If more proximate sales show a reconciled price difference from the distant sales, that can signal to the reader that the other comps might be from a different market. If that happens in your evaluation, take another look at your market analysis, and consider adding more proximate sales or applying location adjustments to the distant sales.
Based on analysis results and the market reaction of sale locations, examine the impact or influence of more proximate sales in the final reconciliation. Consider if proximate sales should be given more weight If that is not the case, provide commentary explaining “why”.
2. Ensure the Date of Sale and Time Adjustments meet conventional loan appraisal guidelines
According to the Fannie Mae Selling Guide, the date of sale and the time adjustment (market conditions) are critical elements in determining an accurate value because the appraisal is based on a specific date. This means the appraiser must analyze the comparable in consideration to determine if there have been any changes in market conditions from the time the comparable went under contract to the effective date of the appraisal. This analysis will determine whether a time adjustment is warranted.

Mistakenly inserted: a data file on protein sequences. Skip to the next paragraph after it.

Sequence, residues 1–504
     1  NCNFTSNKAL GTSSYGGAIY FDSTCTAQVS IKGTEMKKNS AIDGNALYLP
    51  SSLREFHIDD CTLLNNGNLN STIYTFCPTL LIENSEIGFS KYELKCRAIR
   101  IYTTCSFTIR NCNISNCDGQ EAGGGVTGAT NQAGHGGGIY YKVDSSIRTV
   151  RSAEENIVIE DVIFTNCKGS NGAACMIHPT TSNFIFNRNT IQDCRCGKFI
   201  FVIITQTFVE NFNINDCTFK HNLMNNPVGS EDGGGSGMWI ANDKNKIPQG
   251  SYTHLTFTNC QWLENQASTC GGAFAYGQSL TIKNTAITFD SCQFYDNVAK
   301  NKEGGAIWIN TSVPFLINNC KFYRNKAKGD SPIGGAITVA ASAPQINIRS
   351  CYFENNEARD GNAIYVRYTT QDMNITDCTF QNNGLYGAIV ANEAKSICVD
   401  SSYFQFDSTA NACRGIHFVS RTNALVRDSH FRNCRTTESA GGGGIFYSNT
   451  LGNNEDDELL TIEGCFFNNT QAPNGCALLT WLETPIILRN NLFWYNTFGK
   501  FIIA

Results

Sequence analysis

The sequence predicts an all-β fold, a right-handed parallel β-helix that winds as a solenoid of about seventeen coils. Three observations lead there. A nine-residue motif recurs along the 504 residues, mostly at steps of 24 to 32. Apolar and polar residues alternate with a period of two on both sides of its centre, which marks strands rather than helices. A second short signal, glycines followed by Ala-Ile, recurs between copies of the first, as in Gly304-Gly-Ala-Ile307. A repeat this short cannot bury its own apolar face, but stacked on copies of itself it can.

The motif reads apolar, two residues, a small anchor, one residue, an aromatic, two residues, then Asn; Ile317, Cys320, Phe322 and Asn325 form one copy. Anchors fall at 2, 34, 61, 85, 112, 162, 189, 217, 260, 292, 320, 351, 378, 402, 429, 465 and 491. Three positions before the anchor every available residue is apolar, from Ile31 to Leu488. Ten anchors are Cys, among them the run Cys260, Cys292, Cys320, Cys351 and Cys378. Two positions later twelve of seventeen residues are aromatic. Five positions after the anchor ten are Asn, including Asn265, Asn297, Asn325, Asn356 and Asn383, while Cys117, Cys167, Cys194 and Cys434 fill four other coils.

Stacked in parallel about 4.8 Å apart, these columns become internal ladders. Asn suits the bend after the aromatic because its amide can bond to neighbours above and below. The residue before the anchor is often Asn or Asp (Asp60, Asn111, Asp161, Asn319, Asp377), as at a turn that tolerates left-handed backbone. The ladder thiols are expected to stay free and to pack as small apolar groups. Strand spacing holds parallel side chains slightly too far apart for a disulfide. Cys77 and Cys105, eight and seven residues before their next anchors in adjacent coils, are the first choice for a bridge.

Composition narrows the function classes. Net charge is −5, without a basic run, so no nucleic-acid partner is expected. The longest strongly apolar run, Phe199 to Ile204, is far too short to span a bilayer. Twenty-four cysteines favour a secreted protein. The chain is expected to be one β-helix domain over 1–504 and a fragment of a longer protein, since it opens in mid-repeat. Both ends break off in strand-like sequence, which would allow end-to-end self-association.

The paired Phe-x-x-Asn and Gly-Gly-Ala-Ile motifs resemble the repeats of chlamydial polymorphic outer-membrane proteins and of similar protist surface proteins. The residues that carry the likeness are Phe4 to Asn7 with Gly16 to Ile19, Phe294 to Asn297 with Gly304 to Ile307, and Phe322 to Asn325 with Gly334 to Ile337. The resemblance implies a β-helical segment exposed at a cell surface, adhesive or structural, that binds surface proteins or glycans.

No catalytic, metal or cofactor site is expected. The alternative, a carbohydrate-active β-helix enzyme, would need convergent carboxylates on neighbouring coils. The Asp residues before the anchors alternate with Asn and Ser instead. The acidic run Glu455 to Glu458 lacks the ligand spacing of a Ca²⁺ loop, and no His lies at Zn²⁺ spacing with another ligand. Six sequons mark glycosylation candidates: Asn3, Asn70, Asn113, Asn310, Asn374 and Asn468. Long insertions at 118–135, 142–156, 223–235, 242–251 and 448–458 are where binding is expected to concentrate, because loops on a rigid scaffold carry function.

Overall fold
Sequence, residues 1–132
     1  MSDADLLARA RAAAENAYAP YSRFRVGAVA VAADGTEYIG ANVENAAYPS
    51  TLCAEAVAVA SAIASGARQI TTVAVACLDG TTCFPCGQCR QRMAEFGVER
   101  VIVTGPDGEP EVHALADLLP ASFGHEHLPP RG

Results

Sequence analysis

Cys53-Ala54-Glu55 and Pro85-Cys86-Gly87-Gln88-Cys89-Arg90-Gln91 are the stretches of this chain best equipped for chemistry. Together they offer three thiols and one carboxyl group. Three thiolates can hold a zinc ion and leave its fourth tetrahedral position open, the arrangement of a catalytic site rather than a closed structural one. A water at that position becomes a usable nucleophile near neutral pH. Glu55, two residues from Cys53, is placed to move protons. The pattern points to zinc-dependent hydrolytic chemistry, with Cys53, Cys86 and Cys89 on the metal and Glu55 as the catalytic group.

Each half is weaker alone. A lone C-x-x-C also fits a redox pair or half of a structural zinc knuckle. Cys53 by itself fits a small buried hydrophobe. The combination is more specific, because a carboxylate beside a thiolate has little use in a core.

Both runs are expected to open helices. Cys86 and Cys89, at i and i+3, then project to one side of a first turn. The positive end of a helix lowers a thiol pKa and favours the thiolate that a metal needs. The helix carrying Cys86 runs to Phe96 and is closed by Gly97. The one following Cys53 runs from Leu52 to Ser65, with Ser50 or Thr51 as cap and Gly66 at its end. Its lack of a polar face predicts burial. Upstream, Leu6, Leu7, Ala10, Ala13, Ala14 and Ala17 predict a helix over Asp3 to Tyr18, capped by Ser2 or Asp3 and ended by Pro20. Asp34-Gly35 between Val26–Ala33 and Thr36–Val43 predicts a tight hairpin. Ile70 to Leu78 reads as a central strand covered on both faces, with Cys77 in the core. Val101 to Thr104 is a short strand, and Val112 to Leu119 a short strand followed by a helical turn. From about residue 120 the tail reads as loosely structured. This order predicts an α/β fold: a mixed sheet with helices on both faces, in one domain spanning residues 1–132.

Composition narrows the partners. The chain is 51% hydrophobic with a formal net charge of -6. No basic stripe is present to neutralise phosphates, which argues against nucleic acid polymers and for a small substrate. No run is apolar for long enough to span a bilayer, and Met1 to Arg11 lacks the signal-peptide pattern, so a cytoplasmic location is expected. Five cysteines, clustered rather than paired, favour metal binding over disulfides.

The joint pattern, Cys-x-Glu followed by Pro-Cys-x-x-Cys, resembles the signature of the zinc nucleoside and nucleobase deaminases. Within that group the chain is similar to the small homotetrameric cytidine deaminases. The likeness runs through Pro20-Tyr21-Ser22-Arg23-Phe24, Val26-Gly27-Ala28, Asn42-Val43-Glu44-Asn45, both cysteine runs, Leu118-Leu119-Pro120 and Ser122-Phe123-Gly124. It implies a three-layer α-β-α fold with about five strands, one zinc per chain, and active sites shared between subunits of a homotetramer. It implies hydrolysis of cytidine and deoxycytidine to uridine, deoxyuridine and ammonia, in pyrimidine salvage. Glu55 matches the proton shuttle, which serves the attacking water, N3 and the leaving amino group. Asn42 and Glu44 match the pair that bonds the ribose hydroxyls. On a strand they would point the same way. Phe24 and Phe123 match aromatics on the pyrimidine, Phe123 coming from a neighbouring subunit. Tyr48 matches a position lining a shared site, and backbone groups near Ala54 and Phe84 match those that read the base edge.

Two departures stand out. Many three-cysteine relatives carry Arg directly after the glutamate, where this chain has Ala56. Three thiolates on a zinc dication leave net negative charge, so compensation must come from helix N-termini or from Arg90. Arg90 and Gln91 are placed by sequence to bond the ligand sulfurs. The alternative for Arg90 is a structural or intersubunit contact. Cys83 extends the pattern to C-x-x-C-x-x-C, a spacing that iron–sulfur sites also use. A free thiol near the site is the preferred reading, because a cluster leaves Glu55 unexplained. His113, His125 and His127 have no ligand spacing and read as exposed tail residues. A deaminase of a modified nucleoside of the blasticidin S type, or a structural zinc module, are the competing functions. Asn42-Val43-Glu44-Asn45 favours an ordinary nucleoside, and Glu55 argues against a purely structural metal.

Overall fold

Time adjustments should be supported by other comparables (closed and pending sales) whenever possible. However, in all instances, the appraiser must explain the time adjustment in the appraisal report.
For example, if most recent property sales are not a good indicator of the accurate value, be sure to provide the addresses of those sales in the addendum and explain why they were not used. On the other hand, if appropriate, older comparable sales can be used to determine the market value of a subject property after applying time adjustments but must be accompanied by an explanation for use.
3. Always explain the adjustments with commentary in the appraisal report